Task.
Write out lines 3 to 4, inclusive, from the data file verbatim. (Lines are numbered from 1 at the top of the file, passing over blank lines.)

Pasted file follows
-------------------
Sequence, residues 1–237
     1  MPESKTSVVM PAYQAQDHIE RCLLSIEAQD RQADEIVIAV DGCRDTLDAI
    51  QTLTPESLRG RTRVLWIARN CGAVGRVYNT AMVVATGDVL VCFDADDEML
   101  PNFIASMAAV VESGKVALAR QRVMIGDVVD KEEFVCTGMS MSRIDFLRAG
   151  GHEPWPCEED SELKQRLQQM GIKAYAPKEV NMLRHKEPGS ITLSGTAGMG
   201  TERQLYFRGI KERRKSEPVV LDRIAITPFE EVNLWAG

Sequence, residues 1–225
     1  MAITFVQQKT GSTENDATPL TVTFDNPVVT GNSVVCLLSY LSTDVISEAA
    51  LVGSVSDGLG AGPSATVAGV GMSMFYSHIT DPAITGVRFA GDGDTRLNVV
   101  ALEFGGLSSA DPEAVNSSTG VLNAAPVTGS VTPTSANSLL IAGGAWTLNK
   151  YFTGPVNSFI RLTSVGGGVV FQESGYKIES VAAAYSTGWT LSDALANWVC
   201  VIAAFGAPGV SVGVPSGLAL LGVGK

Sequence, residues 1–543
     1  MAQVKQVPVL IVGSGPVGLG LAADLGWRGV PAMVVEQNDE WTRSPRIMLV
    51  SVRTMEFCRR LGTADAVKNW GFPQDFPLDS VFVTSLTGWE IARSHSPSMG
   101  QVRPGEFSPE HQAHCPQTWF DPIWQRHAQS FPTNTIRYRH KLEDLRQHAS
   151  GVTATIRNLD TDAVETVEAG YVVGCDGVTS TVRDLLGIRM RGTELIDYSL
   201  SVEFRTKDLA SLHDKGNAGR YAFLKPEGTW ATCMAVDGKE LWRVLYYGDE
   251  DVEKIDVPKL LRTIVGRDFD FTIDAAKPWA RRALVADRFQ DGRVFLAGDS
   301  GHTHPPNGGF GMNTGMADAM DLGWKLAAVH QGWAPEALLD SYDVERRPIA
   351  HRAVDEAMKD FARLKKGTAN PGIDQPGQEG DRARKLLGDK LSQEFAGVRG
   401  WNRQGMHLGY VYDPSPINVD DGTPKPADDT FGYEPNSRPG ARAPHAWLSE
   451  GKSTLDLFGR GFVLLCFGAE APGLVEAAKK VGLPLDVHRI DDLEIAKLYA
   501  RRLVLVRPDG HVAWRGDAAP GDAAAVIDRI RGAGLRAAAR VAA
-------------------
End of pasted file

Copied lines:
    51  QTLTPESLRG RTRVLWIARN CGAVGRVYNT AMVVATGDVL VCFDADDEML
   101  PNFIASMAAV VESGKVALAR QRVMIGDVVD KEEFVCTGMS MSRIDFLRAG